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A reserve mortgage gives you access to tax-free cash through your home’s equity and can be a great way to pay off debt, fund your travel dreams, pay for a child’s education, invest in home improvements and more. As long as you meet the eligibility criteria, a reverse mortgage could be a great way for you to access extra cash and find stability later in life.
What Is A Reverse Mortgage?
As you get older, you may start to worry about how you’ll keep your home and manage payments without a steady income. A reverse mortgage offers you the peace of mind you crave and the stability to make it possible, by giving you access to your home’s equity in tax-free cash, and allowing you to stay in the home you love without worrying about making any monthly payments.
By definition, a reverse mortgage is a loan that you secure against the value of your home that gives you access to tax-free cash without mandatory ongoing payments. It’s designed for homeowners who are 55+ and it enables you to convert up to 55% of your home’s equity into tax-free cash you can use to pay for travel, education, home improvements, debt or whatever you like.
Benefits And Considerations Of A Reverse Mortgage
Before you decide to pursue a reverse mortgage, it’s important that you have a solid understanding of what benefits they offer and what drawbacks you could encounter:
- The money you receive through a reverse mortgage is tax-free and requires no monthly mortgage payments.
- How you receive the money is up to you. You can choose to access it in one large lump sum or spread it out over a longer period of time with scheduled deposits.
- Reverse mortgages don’t impact your ability to qualify for Old-Age Security (OAS) or Guaranteed Income Supplement (GIS) benefits
- Interest rates may be higher than those you would have with another type of mortgage. As you accumulate interest on your loan, your home equity amount may also go down.
- Your estate will need to pay off the loan and interest within a set period of time when you pass away. In some cases, the time required to settle an estate can be longer than the time allowed to pay back the reverse mortgage. Since money from your estate will be required to pay back the loan, you will also have less money to pass on to family and beneficiaries through your estate when you pass away.
- Keep in mind you will also have to repay the amount still owed if you sell your home, move out or default on your loan.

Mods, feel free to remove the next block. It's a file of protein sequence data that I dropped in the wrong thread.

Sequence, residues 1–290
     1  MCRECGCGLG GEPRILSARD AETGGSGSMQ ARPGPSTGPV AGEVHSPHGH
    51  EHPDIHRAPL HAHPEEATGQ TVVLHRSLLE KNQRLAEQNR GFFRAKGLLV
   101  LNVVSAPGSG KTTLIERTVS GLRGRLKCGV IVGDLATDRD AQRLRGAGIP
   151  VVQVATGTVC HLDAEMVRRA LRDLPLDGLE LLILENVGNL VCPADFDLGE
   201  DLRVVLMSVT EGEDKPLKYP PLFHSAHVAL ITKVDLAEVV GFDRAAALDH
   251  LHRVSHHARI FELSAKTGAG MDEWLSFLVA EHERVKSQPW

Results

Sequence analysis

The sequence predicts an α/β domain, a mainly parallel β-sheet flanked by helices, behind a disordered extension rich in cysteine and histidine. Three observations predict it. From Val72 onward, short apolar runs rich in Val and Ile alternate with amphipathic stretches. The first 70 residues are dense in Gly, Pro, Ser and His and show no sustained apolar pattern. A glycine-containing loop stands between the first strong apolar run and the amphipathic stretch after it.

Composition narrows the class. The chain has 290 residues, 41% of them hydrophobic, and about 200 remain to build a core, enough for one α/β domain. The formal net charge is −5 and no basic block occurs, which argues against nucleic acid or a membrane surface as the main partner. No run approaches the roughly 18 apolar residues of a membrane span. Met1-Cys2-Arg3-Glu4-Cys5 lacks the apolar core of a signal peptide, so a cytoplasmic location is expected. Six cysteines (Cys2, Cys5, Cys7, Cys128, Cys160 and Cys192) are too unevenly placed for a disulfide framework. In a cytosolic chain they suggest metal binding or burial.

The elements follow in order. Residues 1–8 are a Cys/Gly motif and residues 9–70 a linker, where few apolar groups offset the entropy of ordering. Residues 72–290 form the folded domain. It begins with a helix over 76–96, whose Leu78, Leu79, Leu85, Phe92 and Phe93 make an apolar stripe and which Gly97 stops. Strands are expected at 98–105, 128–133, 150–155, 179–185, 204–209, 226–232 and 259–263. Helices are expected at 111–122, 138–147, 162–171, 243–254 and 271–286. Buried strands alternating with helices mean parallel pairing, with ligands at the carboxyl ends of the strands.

Reverse Mortgage Eligibility
In order to qualify for a reverse mortgage, you’ll need to meet specific criteria. You may be eligible for a reverse mortgage if:
- You’re 55+ years of age (if you have a spouse, they must be at least 55 as well)
- You live in a major urban centre of Ontario, Quebec, British Columbia or Alberta
- Your home is your principal residence (you live there for at least 6 months of the year)
- Your residence is owner occupied and not a secondary home or cottage
- All title holders apply as joint borrowers (ON, AB, BC)
- Your home is classified as detached, semi-detached condo or townhome
In order to get approved for a reverse mortgage, you’ll first need to ensure you pay off and close any past debts including your mortgage and home equity line of credit (HELOC).
Once approved, you’ll continue to own and live in your home, with no threat of being forced to move or sell as long as you live there for at least 6 months of the calendar year, keep your residence in good order, adhere to the loan terms and keep up with your property tax payments. The maximum amount you’ll be entitled to with a reverse mortgage will depend on your age, your lender and your home’s appraised value.
Types Of Reverse Mortgages
In Canada, there are two financial institutions that offer reverse mortgages (HomeEquity Bank and Equitable Bank). Be sure to ask your lender what payment options they offer for reverse mortgages and whether there are any restrictions or fees you’ll want to be aware of at the start.
When Do You Repay A Reverse Mortgage?
With a reverse mortgage, you don’t have to make regular payments, but you do have the option to repay the principal and interest in full at any time, just keep in mind you may encounter a fee to pay it off early. You’ll be required to pay off the amount owing if you sell your home, move out of your home, the last borrower dies or you default on the loan.
Defaulting on the loan involves using money for anything illegal, being dishonest in your application, letting your home fall into a state of disrepair to decrease the value or not following conditions set out in your reverse mortgage contract.
Make sure to ask your lender about their specific time frames for repayment and what your options are should you need to move into a long term care home as you age. Keep in mind that interest is calculated on the outstanding balance of both principal and interest throughout the lifespan of the loan, so the outstanding balance will increase accordingly over time.
As with any financial decision, make time to speak with your lender about reverse mortgages to learn more about how suited they are for your personal situation.